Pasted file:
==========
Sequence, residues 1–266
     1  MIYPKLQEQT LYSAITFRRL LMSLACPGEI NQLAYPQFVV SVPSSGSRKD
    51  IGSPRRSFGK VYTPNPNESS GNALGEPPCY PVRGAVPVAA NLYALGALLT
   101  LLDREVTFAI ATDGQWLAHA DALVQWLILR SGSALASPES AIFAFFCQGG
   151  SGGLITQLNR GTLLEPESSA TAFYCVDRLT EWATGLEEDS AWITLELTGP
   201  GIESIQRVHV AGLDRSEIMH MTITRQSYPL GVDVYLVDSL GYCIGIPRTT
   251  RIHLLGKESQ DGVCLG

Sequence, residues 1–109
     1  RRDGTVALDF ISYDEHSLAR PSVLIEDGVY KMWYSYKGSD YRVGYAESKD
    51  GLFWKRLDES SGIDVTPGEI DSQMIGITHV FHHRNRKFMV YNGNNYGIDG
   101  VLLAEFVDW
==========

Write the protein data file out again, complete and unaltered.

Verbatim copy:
Sequence, residues 1–266
     1  MIYPKLQEQT LYSAITFRRL LMSLACPGEI NQLAYPQFVV SVPSSGSRKD
    51  IGSPRRSFGK VYTPNPNESS GNALGEPPCY PVRGAVPVAA NLYALGALLT
   101  LLDREVTFAI ATDGQWLAHA DALVQWLILR SGSALASPES AIFAFFCQGG
   151  SGGLITQLNR GTLLEPESSA TAFYCVDRLT EWATGLEEDS AWITLELTGP
   201  GIESIQRVHV AGLDRSEIMH MTITRQSYPL GVDVYLVDSL GYCIGIPRTT
   251  RIHLLGKESQ DGVCLG

Sequence, residues 1–109
     1  RRDGTVALDF ISYDEHSLAR PSVLIEDGVY KMWYSYKGSD YRVGYAESKD
    51  GLFWKRLDES SGIDVTPGEI DSQMIGITHV FHHRNRKFMV YNGNNYGIDG
   101  VLLAEFVDW